Thursday, 5 February 2009

Snowfall Overnight, now Mist, but Life Goes on

The snow that had fallen before had packed down to ice, but as night closed in a thaw set in making it possible to clear the front path (almost!) As I looked out late in the evening the snow was falling thinly, so I did not expect the amount that greeted me this morning.

With it came the mist and then rain, but seeing that the people were making it to the shops I thought I'd capture some of the atmosphere, so here are a few shots of smiling faces in some cases, of kids in a group once more throwing snowballs amongst themselves, people walking their dogs, going shopping and someone with a Quadbike off to do some snowboarding. Despite the economic climate, the snow still brings smiles, and life goes on…

Wednesday, 4 February 2009

High Speed Capture of Water Stream

In the ongoing search for knowledge and experience I recently took some shots of water flowing from a tap onto an upturned, floating, empty baked beans can.

I hear you say "As you do!"

It started not because of the visual effect, but the delightful 'pling, pling, pling' as the droplets made the tin resonate to the flow. I played with different amounts of trapped air, and began to notice the way the stream of water reacted, and thought that it might be worth using a Canon Speedlite to freeze the action and view the results.

One shot in particular grabbed my attention, so I sent a JPEG to a few colleagues and my family, and all were without exception, equally fascinated, so I have decided to make a very small gallery of the results, so they can see some of the other effects. Yes, I did change to dripping onto a plate!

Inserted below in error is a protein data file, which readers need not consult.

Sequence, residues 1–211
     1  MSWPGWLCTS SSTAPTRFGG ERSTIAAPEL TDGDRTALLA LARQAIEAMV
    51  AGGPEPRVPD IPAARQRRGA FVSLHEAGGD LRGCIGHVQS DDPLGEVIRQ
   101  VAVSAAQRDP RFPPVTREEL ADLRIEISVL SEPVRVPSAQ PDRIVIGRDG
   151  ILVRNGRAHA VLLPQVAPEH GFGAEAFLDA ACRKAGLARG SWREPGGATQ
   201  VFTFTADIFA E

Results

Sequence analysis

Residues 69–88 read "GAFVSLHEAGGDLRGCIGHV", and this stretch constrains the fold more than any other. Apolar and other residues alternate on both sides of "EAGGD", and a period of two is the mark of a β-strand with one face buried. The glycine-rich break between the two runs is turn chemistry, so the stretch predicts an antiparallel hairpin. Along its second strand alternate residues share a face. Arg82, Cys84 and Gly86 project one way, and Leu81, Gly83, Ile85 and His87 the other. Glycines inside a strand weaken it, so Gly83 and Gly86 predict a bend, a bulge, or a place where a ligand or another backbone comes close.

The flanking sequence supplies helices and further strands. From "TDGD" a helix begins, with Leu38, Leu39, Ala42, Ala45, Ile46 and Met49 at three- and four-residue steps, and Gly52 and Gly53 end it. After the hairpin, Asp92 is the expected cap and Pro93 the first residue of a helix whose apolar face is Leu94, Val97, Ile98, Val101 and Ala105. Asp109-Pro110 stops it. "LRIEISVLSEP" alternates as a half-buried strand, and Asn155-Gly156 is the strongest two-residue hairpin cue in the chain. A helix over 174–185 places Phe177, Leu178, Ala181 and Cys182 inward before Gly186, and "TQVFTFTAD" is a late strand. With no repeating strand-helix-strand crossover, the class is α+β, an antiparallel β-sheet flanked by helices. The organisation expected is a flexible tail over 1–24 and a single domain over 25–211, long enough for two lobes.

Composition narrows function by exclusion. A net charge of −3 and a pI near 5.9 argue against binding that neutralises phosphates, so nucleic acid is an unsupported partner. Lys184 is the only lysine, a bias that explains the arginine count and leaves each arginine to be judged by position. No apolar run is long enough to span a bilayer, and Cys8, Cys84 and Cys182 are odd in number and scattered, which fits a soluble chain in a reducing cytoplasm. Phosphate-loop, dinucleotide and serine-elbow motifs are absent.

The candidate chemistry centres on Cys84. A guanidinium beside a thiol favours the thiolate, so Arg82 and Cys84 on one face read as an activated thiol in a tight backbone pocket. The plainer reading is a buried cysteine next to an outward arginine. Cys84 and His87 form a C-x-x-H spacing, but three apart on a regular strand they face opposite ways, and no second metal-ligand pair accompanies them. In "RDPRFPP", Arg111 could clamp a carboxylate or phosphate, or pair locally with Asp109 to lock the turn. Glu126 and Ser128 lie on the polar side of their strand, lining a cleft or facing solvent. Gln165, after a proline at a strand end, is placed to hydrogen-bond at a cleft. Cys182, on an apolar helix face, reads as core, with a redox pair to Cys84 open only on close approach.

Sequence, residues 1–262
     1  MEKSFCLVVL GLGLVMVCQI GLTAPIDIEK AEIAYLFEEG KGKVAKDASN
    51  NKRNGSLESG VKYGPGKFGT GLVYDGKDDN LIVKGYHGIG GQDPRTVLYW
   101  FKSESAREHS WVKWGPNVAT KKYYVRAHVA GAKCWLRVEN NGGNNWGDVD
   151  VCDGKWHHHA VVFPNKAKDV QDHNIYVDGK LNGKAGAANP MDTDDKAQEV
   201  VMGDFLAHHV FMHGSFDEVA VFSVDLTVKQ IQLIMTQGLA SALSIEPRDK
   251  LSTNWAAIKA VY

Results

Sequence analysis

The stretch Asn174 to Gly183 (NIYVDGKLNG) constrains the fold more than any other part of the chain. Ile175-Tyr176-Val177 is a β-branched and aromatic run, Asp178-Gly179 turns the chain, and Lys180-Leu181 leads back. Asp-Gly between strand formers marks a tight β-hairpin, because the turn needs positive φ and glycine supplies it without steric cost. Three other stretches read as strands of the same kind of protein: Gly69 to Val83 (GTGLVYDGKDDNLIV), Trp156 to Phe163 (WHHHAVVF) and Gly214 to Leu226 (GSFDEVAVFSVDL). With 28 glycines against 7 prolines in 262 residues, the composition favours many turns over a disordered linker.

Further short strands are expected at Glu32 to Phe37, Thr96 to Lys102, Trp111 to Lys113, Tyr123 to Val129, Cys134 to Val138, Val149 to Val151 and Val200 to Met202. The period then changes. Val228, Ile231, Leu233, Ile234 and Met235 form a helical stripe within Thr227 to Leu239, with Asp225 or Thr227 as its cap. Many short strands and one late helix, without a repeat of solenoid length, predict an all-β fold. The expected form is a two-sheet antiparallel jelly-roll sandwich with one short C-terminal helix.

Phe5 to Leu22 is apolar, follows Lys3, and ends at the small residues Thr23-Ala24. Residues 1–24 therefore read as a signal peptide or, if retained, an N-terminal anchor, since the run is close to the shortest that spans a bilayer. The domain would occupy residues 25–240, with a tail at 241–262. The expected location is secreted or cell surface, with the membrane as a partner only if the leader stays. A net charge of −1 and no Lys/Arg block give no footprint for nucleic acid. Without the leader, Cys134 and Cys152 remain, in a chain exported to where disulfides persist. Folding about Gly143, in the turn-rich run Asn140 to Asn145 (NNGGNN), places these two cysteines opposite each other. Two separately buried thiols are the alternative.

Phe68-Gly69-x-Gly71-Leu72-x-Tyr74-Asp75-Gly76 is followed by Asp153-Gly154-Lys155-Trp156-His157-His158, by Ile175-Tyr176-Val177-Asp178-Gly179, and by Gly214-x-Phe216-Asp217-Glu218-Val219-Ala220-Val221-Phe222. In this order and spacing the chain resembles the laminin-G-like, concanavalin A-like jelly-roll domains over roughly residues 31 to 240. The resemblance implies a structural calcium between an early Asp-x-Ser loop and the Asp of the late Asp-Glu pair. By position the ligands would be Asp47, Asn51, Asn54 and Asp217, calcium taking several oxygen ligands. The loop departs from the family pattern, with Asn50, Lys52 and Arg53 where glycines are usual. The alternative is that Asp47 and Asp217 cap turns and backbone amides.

I relied on the freezing affect of fast quenching small flash units due to the the power and close proximity of the flash to the water stream, and used the Tamron 90mm macro on the 5D MkII. I found looking at the subsequent images really intriguing and may try again with two flashes.

Tuesday, 3 February 2009

Out in the Snow, and Sunshine!

On this the second day of snow, much has melted and more schools are open, so fewer children out playing.

I set out rather late as I had built a sofa from snow just outside the house – the 'Snowfa' proved to be quite a hit with some of those passing this morning, and I saw some parents taking photos of their children sat upon it, before setting off; making all the effort worthwhile.

I headed for the Lower Luton Road and beyond, and found an igloo being built on the green at Peters Green, but less fortunate was a car which had skidded off the road just beyond the village. I thought I'd climb the bank to get more height and found the 'bank' was in fact simply piled snow some two feet deep!

The silos at Woodside and Claggy Bottom Cottage I took to add to earlier shots taken at different seasons. I met walkers which helped to give scale to landscapes, and I was fascinated by the stalactites at a flooded stretch of road. I soon ran out of sun, due to my late start.

Monday, 2 February 2009

Snow Comes to Caddington Again

There may be no sun, but with most schools closed and parents not going in to work, it's suddenly a fun day on the Green in Caddington with such a snowfall.

Two local families in particular have brought sleds out and make the most of the opportunity, and so do I.

Next stop Stockwood Park Golf Course, noted for its sleigh ride and toboggan runs down the slope near Slip End.

Hopefully with a forecast for further precipitation overnight and sunshine, there will be better opportunities tomorrow, but in the present economic climate, the chance for enjoyment is not to be missed, whether the sun shines or not, and I was there to capture it.